Historically, the term business referred to activities or interests. By extension the word became (as recently as the 18th century) synonymous with "an individual commercial enterprise". It has also taken on the more general meaning of "a nexus of commercial activities".
People establish businesses in order to perform economic activities. With some exceptions (such as cooperatives, corporate bodies, non-profit organizations and institutions of government), businesses exist to produce profit. In other words, the owners and operators of a business have as one of their main objectives to receive or generate a financial return for their time, effort and capital.
An industry can consist of a group of related businesses, such as the entertainment industry or the dairy industry. This definition resembles one of the more general meanings of "business", and the terms business and industry sometimes appear interchangeable. Thus a fisherman might say either (more colloquially) that he is in the "fishing business" or (somewhat grandiosely) that he works in the "fishing industry". Similarly, the word "trade" may serve as an equivalent of both "business" and "industry": Victorians might despise those "in trade", and one can still refer to working "in the rag trade", for example.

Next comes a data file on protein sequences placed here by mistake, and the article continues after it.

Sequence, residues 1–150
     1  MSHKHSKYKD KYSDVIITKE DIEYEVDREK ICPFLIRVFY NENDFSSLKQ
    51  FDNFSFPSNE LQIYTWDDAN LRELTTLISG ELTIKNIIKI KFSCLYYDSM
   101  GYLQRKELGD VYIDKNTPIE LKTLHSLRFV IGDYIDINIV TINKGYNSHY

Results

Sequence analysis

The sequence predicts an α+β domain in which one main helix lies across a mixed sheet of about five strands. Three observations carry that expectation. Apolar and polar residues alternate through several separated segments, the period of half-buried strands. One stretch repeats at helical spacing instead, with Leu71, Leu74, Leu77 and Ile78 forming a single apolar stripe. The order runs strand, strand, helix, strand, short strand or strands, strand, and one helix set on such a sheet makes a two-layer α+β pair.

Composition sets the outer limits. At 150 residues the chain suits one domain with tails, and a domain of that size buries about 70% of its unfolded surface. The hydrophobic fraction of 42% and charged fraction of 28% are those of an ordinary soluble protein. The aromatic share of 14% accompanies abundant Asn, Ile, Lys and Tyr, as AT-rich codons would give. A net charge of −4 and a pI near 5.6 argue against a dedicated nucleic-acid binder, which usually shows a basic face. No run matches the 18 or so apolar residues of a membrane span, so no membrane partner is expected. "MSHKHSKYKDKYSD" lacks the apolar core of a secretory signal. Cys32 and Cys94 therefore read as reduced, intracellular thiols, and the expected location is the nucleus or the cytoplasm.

"Whoever could make two ears of corn or two blades of grass to grow upon a spot of ground where only one grew before would deserve better of mankind and do more essential service to his country than the whole race of politicians put together." - Jonathan Swift